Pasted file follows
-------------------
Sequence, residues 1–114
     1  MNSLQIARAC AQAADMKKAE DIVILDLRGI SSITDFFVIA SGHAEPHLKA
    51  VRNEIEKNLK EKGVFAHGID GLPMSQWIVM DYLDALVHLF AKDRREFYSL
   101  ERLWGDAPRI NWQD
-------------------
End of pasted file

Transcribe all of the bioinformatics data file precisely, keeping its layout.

Sequence, residues 1–114
     1  MNSLQIARAC AQAADMKKAE DIVILDLRGI SSITDFFVIA SGHAEPHLKA
    51  VRNEIEKNLK EKGVFAHGID GLPMSQWIVM DYLDALVHLF AKDRREFYSL
   101  ERLWGDAPRI NWQD